The Chichester Lions, Annual Model Miniature Railway Exhibition caters for most model railway enthusiasts with gauges N, OO and O in evidence. Additional family fun is provided by live steam exhibits with rides. Chris enthuses “There are always a diverse range of railway layouts and exhibits on display which are very popular with visitors – it’s always very busy!” Many of the train sets have realistic landscapes and accessories inspired by the earlier production of Hornby.

Childhood associations with toys and model trains often seed a lifelong interest, so I’m not surprised that the event should be so popular. It provides the opportunity for us to celebrate an enthusiasm for toys and model railways and support the wonderful work that the Chichester Lions do in our local community.

The Chichester Lions, 20th Annual Model Miniature Railway Exhibition is the perfect opportunity to indulge a love of railways. The exhibition is open from 10.00am to 4.30pm on Saturday 25th October 2014 at Chichester High School for Boys, Kingsham Road, Chichester, PO19 8AE. For ticket prices and more information go to www.chilions.org.uk.

By Revd. Rupert Toovey. Originally published on 22nd October 2014 in the West Sussex Gazette.

Dinky Toy Vehicles for Sale at Toovey’s Auction

Dinky Toys 'Weetabix' Guy Van No. 514 at Toovey's
Dinky Toys 'Weetabix' Guy Van No. 514 at Toovey's

Just weeks after the introduction of driving tests in Great Britain, the No. 23a racing car became the first model vehicle to bear the brand Dinky Toys when it rolled off the production line in April 1934. However, the history of this household name of toy manufacturing already had its foundations firmly laid prior to the production of this little car. Meccano had been produced at the same Liverpool factory since the early 1900s, created by toy pioneer Frank Hornby. In Mike and Sue Richardson’s book Dinky Toys & Modelled Miniatures 1931-1979, Hornby is described as:

Tooveys Lot 3009 Dinky Toys
Dinky Toys No. 505 Foden Flat Truck with Chains, boxed. £150-250

“A man in the great English tradition of entrepreneur and inventor mixed with a Scottish trait of emphasis on sound educational values and improvement of the mind. He was a true turn-of-the-century Briton…”

Tooveys Lot 3012 Dinky Toys
Dinky Toys No. 531 Leyland Comet Lorry, boxed. £100-150
Tooveys Lot 3057 Dinky Supertoys
Dinky Supertoys No. 918 'Ever Ready' Guy van, boxed. £100-150

Not content with creating a best-selling construction toy, Hornby continued on the logical path from Meccano to develop a new product in the form of an ‘O’ gauge train set, intended to rival the tinplate tradition of Germany (see an earlier blog post on Bing tinplate toys by clicking here). Since the 1920s these trains have been the inventor’s namesake. Quickly realising that the toy train enthusiast wanted to make their railway layouts as realistic as possible, various accessories were added to production. Meccano Limited expanded their output to include a range of vehicles to accompany the ‘O’ gauge series, perhaps influenced by the arrival of the American ‘Tootsie Toy’ vehicles. This first group of six vehicles did not bear the Dinky Toy name but were instead called Hornby Series ‘Modelled Miniatures’. Toovey’s sold two of these early Modelled Miniatures in our specialist auction of Toys on 25th March 2014. No. 22a an open sports car, finished in red and cream, sold for £100, and No. 22b a sports coupe, finished in yellow and green, sold for £380. They are particularly prized among collectors as they are still deemed among the first Dinky Toys, despite the different branding. Hornby soon dismissed ‘Modelled Miniatures’ and ‘Meccano Miniatures’ in favour of the more catchy ‘Dinky Toys’. From then on, generations of children enjoyed playing with ‘Dinkies’. Dinky derives from the Scottish and literally means attractively small and neat, a perfectly apt description of the vehicles produced by the firm.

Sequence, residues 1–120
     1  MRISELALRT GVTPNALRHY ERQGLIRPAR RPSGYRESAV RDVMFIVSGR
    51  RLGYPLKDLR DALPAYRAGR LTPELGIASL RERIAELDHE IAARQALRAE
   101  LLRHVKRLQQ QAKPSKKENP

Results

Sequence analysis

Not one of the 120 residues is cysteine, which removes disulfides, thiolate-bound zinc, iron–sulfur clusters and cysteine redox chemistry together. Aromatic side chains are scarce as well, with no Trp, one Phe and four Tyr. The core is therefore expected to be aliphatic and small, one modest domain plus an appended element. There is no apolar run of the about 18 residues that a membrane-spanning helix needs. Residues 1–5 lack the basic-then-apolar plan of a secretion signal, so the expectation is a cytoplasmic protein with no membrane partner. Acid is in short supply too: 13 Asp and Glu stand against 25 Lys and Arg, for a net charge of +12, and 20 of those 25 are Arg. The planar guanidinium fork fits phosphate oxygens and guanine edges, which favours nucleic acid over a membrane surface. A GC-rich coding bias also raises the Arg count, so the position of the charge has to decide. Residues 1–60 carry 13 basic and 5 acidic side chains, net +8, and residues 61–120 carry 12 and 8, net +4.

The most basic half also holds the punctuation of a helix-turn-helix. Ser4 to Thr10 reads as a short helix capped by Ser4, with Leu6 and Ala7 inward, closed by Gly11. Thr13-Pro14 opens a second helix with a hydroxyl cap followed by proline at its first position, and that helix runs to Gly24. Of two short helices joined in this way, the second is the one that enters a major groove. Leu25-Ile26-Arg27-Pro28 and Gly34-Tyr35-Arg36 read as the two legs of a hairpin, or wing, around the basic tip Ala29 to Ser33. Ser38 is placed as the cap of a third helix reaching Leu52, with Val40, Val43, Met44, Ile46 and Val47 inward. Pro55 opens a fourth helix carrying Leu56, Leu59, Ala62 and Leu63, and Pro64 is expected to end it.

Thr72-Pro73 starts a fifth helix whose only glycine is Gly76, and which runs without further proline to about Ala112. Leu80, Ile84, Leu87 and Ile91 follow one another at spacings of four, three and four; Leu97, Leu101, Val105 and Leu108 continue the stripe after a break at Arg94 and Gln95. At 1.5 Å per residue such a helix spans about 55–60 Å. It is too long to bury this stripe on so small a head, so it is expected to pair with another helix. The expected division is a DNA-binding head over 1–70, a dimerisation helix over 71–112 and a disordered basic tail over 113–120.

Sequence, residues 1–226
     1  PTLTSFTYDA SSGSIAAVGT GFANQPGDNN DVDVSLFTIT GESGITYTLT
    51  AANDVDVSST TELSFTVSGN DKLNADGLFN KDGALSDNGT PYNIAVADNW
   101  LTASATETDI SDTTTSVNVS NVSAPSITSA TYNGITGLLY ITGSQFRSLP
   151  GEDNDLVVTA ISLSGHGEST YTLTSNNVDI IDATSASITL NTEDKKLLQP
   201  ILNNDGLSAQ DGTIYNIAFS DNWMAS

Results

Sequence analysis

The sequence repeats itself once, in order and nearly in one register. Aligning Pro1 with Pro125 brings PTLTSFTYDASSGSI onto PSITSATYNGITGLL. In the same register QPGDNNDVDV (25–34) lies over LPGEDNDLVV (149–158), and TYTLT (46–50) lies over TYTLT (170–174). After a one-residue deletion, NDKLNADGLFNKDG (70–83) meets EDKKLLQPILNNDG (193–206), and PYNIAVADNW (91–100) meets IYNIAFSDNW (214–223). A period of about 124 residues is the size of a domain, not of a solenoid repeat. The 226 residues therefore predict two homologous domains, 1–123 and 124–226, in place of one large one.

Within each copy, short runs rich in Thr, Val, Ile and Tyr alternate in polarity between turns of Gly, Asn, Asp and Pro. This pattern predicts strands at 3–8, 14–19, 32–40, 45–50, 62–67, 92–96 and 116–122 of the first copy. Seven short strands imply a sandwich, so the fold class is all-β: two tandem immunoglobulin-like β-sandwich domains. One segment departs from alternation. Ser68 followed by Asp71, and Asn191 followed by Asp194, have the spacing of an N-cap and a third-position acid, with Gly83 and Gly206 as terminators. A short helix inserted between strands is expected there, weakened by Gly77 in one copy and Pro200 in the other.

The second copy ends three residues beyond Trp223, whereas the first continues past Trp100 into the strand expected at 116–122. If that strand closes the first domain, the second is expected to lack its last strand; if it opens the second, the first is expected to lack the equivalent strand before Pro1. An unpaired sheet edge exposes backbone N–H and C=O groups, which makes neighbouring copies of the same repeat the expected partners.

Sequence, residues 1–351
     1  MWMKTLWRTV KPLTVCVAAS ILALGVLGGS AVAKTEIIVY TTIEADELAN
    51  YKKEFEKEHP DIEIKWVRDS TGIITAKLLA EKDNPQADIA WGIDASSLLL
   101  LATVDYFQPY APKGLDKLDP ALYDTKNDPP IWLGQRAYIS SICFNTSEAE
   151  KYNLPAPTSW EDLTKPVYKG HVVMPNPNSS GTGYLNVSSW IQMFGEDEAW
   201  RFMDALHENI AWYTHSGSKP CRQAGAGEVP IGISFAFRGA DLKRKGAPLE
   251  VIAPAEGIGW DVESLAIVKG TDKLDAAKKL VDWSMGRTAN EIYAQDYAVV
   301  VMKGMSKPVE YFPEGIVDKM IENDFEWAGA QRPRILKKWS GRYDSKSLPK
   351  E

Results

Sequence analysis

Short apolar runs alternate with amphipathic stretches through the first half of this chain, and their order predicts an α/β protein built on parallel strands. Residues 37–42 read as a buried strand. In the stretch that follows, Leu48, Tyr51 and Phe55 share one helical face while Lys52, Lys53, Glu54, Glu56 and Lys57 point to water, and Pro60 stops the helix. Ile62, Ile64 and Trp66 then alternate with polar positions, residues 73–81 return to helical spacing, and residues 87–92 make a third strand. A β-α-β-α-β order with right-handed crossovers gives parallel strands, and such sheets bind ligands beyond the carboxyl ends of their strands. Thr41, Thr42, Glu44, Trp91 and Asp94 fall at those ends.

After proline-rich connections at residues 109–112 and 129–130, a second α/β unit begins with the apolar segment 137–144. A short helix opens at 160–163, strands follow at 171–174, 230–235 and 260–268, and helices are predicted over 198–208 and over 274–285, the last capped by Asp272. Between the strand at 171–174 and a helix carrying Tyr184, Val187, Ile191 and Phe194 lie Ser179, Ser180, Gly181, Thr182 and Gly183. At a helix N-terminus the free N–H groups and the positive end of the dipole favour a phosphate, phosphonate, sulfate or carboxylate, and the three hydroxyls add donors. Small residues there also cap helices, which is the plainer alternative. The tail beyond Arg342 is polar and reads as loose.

Tooveys Lot 3058 Dinky Supertoys
Dinky Supertoys No. 942 'Regent' Foden 14-ton tanker, boxed. £100-150
Tooveys Lot 3059 Dinky Supertoys
Dinky Supertoys No. 934 Leyland Octopus wagon, boxed. £100-150

The Second World War halted production of toys at the ‘Binns Road’ factory in Liverpool with attention turning to war work. They even raised funds for a ‘Meccano’ Spitfire by creating a special pendant to purchase the aircraft. Immediately after the war, the government insisted on Meccano focusing on their export market to help pay off the war debt. It was after the war years that Dinky Toys really enjoyed a renaissance period. In 1947 Dinky ‘Supertoys’ were launched to great success. Dinky Supertoys were a larger scale than that previously offered and were produced for nearly two decades. The entire range of Dinky vehicles included planes, military vehicles, cars, vans and lorries. In their striking boxes and bold colours, these are as prized among collectors today as they were coveted by children of the day. The brand enjoyed great success until the Liverpool factory closed its doors in November 1979. The brand name was later purchased by Matchbox but, after various mergers, it was eventually swallowed up by Mattel’s ‘Hot Wheels’ brand.

Toovey’s forthcoming specialist auction of Toys, Dolls and Games on 15th July 2014 features the usual fantastic selection of Dinky Toys and other die-cast metal vehicles.  Among the offerings in the auction is this post-war Dinky Toys No. 514 ‘Weetabix’ Guy van with first type cab and second type wheels. Offered with the all-important original box, it carries a pre-sale estimate of £300-500. A good selection of other Dinky Toys and Dinky Supertoys vehicles included in the sale are also illustrated.